Date of Award
Master of Arts (MA)
Scott M. Stevens
Charles Long, Columbus, history of religions, memory studies, Ska-nonh, Syracuse
Arts and Humanities | History | History of Art, Architecture, and Archaeology
The Columbus memorial in Syracuse, New York was erected in the early 1900s by Italian-American immigrants who hoped for inclusion in the American master narrative. Indigenous peoples, on the other hand, have long recognized Columbus as a slave trader and as the person who instigated European colonization in the Americas. Following George Floyd’s murder in 2020, resistance to colonial and Confederate statues gained widespread support. Using Charles Long’s theorization of the circle and the ellipsis, Syracuse’s Columbus Circle can be understood as an interpretive center in material form, underscoring how the maintenance of monuments to colonialism and racism also perpetuate oppressive master narratives. In contrast, the Skä•noñh – Great Law of Peace Center (Syracuse, NY) can be imagined as an ellipsis. Skä•noñh exemplifies a more equitable approach to memorialization that requires dominant centers and their memorial manifestations to change, entering into relationship with marginalized perspectives that challenge their basic ideologies.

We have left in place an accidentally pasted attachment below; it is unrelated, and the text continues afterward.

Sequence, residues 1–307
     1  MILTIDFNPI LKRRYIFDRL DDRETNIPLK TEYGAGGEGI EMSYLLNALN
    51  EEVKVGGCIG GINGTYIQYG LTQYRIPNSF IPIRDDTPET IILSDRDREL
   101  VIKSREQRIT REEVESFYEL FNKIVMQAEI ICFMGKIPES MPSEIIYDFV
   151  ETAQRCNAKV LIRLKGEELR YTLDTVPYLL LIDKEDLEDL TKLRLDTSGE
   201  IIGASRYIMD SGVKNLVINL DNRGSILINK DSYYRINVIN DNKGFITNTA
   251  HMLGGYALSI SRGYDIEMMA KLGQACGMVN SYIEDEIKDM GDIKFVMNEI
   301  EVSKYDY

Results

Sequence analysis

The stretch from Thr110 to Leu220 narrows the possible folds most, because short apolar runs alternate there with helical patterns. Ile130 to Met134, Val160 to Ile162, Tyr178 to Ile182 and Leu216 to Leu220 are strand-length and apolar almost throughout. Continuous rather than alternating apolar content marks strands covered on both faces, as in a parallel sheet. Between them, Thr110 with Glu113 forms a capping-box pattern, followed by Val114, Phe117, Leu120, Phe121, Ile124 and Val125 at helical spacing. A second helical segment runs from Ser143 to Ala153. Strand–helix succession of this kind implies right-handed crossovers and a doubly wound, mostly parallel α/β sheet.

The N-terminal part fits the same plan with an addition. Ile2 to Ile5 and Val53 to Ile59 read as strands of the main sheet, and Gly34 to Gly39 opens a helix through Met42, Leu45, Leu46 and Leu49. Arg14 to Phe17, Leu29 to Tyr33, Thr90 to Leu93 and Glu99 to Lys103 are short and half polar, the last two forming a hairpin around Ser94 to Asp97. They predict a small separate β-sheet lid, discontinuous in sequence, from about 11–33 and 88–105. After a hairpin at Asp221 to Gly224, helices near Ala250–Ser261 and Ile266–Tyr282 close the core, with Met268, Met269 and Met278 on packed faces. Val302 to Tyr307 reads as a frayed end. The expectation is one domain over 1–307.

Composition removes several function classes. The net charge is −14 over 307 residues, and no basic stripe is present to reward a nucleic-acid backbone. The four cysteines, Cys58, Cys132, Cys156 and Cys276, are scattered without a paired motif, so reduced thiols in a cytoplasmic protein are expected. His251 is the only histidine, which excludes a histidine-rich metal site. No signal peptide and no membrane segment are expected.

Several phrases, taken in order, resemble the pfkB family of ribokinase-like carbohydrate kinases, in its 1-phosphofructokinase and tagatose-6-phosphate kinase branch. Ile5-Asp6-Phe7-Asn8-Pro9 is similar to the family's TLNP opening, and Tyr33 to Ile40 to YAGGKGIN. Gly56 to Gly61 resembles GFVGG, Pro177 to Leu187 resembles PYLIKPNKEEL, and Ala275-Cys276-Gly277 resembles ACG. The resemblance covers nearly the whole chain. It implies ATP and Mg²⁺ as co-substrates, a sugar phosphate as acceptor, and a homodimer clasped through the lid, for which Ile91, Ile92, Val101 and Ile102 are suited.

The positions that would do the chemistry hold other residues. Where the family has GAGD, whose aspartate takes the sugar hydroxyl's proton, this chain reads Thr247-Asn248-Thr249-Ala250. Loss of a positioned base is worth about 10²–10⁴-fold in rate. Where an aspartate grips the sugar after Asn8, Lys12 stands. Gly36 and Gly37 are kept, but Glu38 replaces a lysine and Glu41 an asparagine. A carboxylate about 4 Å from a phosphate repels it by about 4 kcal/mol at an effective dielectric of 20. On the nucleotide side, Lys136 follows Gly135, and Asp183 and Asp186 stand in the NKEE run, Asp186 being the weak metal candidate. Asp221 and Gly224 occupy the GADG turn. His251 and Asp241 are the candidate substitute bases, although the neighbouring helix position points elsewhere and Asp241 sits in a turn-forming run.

Fritzke, Grace, "Columbus [as A] Circle And Skä•noñh As An Ellipsis: A Case Study On Shifting The Interpretive Center In Syracuse, New York" (2021). Theses - ALL. 481.